What are the Benefits of Paying Yourself First?
There are many benefits to paying yourself first.
If you start early, you give your investments time to grow and over the long haul until retirement would have to put in a lot less money than someone else all other things being equal who starts putting into a pension 10 or 0 years later.
You will quickly build a solid personal financial foundation.
For instance, you can use the initial funds you accumulate to build an emergency fund. If you have an emergency fund and savings, it will help you avoid debt and extortionate interest payments.
You may want to focus your efforts on putting a deposit down on a house and possibly paying off the mortgage early and living a life with no mortgage repayments.
What you’ll find is, some of these options actually reward you for putting yourself first and saving.
For example, personal and workplace pension contributions reduce your tax, saving you 20-40%.
Some ISA’s reward you for saving, the Help to Buy ISA and LISA both offer bonuses up to 25%. Way more than most people get on from other forms of savings.
Advantages of Paying Your Self First
- Save an emergency fund
- You’ll be able to afford a house deposit
- Debt-free cheaper lifestyle (no interest payments)
- You will build wealth over time
What Apps Help You Pay Yourself First?
Check out the best money-saving apps that take small amounts from your bank accounts based on your balance and spending. The amounts are so small you barely notice.
The free to use Plum App is good because it automatically skims away savings from your accounts. You can also set round-ups, so it rounds up spending on your bank account and saves it away.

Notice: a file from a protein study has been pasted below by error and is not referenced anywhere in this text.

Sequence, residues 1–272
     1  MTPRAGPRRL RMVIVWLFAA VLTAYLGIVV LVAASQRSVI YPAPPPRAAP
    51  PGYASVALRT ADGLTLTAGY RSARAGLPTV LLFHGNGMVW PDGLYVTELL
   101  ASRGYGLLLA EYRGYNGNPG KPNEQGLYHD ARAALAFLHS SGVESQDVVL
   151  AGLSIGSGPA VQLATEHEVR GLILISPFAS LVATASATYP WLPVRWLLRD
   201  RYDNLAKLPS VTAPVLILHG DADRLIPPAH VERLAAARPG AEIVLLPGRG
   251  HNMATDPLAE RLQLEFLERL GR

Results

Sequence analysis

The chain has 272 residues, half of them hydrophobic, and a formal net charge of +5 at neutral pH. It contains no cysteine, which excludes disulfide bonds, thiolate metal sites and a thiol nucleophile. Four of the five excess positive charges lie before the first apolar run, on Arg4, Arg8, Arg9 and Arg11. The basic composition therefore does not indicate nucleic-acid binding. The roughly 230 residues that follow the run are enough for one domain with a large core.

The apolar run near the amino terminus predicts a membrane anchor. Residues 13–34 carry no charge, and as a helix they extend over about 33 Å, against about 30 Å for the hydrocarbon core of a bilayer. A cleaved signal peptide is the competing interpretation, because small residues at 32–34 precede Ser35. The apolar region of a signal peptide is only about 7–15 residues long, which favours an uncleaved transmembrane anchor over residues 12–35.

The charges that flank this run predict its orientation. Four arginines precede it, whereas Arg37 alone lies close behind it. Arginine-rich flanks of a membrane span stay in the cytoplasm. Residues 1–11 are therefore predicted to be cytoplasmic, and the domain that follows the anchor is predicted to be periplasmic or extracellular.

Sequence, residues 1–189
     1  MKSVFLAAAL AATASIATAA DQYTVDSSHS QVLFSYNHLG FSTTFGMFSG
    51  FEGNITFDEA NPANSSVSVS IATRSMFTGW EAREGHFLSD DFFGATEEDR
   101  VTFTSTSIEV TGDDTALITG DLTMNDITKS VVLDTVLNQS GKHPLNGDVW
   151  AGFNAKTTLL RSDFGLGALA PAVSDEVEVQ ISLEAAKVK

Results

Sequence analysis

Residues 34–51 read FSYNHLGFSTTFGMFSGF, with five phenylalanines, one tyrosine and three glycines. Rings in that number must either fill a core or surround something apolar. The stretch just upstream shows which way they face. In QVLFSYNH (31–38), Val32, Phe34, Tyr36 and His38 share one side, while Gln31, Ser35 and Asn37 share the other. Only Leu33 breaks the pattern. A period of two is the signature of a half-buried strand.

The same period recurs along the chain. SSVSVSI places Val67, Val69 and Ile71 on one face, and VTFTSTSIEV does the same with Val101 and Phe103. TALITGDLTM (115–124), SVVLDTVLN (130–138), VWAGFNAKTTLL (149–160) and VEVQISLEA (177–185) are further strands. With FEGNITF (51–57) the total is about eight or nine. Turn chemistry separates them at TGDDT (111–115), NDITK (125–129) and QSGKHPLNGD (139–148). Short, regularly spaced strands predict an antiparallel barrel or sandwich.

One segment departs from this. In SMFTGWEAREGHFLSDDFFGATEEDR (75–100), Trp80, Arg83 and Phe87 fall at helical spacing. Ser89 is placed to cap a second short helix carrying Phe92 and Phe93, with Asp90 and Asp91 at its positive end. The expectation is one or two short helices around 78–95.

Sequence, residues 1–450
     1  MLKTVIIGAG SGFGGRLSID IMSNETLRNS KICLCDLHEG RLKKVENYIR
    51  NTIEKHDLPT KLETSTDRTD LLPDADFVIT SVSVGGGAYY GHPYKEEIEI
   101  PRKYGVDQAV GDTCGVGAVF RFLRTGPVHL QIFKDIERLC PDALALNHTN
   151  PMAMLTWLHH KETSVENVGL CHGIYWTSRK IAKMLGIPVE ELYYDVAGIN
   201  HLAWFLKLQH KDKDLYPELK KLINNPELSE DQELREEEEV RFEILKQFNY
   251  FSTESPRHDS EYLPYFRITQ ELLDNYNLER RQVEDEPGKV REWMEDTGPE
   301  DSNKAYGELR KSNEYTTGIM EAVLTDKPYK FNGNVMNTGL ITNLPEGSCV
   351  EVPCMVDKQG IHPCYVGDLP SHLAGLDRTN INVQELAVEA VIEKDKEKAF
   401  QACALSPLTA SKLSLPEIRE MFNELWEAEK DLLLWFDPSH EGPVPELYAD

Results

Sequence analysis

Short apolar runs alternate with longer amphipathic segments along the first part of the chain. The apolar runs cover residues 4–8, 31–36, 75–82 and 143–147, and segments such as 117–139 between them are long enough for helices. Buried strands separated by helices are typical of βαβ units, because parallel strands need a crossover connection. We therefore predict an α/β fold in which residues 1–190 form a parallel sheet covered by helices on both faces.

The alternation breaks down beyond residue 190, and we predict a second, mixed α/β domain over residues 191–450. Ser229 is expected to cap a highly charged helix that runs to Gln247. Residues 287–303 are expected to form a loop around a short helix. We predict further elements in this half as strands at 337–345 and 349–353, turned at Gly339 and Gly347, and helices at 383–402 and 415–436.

Another good one is the Chip App (review) which helps you set savings goals and then transfers small amounts from your bank account based on your spending and bank balance. Some Chip Accounts offer a Pay Day Put Away feature where you set up a specific amount to be saved on pay day.
How to Increase How Much You Can Pay Yourself First?
To increase how much you can pay yourself overtime up to 10% consider looking for ways to decrease expenses or increase income.
Look to Make Savings
Reduce some bills, switch energy providers or downshift a few brand items on your shopping.
Perhaps cancel a subscription to Netflix or something similar. You can always set the goal to reinstate it once you’ve reached a certain financial goal and it fits comfortably in your budget after paying yourself first.
You’d still have money left over to have a good time.
I reduced some of my bills by referring to friends and family if I know there was a good chance they would also make a saving:
Try to Make More Money
Another option is to try to increase your income.
I have covered lots of options in these kinds of posts outlined below, from which just combining a few options should help most people easily make £500+ a month.
How do you Make Paying Yourself First Automatic?
It’s important to make the act of paying yourself first an automatic habit, otherwise, it simply won’t be continued if you rely on yourself to do manually.
You want to make paying yourself first the automatic habit of a lifetime.
Tips for getting into the habit and making automatic
- Opt into a workplace pension
- Set up standing orders to saving accounts
- Set up standing orders to overpay mortgage (subject to no early repayment fees)
- Use automatic savings apps
Should you Pay Yourself First or Pay Off Debt?
I would consider paying off debt first because as soon as you repay the debt, those repayments can actually starting going towards paying yourself first even more than if you are trying to do both so at the same time.
If you are in debt, you are already committed to paying others first before yourself and likely being charged a much higher rate of interest that you would earn from savings or investments.
I personally like the Dave Ramsey advice of:
- Build Emergency Fund (£500-£1000) (to prevent the need for more debt)
- Pay Off Existing Debt with intensity
- Build Full Funded Emergency fund
- Invest 15% of income for Retirement
I think of paying off debt as starting paying yourself first, but you are just starting from behind and have some catching up to do.